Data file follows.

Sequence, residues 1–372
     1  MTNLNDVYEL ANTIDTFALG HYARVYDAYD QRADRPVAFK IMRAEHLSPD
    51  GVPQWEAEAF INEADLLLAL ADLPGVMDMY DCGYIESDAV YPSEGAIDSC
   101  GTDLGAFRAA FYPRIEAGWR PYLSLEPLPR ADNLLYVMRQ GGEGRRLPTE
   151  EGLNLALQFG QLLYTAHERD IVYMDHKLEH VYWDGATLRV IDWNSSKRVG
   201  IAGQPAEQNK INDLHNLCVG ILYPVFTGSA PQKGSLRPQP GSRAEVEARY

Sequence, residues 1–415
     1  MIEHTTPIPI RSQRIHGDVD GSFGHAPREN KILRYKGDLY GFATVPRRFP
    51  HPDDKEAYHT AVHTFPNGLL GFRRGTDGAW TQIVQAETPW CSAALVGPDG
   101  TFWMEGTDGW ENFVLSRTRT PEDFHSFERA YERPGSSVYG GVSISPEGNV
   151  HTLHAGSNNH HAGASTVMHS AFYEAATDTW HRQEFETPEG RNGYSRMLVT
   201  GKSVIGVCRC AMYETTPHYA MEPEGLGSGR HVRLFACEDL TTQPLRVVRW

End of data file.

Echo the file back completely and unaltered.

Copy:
Sequence, residues 1–372
     1  MTNLNDVYEL ANTIDTFALG HYARVYDAYD QRADRPVAFK IMRAEHLSPD
    51  GVPQWEAEAF INEADLLLAL ADLPGVMDMY DCGYIESDAV YPSEGAIDSC
   101  GTDLGAFRAA FYPRIEAGWR PYLSLEPLPR ADNLLYVMRQ GGEGRRLPTE
   151  EGLNLALQFG QLLYTAHERD IVYMDHKLEH VYWDGATLRV IDWNSSKRVG
   201  IAGQPAEQNK INDLHNLCVG ILYPVFTGSA PQKGSLRPQP GSRAEVEARY

Sequence, residues 1–415
     1  MIEHTTPIPI RSQRIHGDVD GSFGHAPREN KILRYKGDLY GFATVPRRFP
    51  HPDDKEAYHT AVHTFPNGLL GFRRGTDGAW TQIVQAETPW CSAALVGPDG
   101  TFWMEGTDGW ENFVLSRTRT PEDFHSFERA YERPGSSVYG GVSISPEGNV
   151  HTLHAGSNNH HAGASTVMHS AFYEAATDTW HRQEFETPEG RNGYSRMLVT
   201  GKSVIGVCRC AMYETTPHYA MEPEGLGSGR HVRLFACEDL TTQPLRVVRW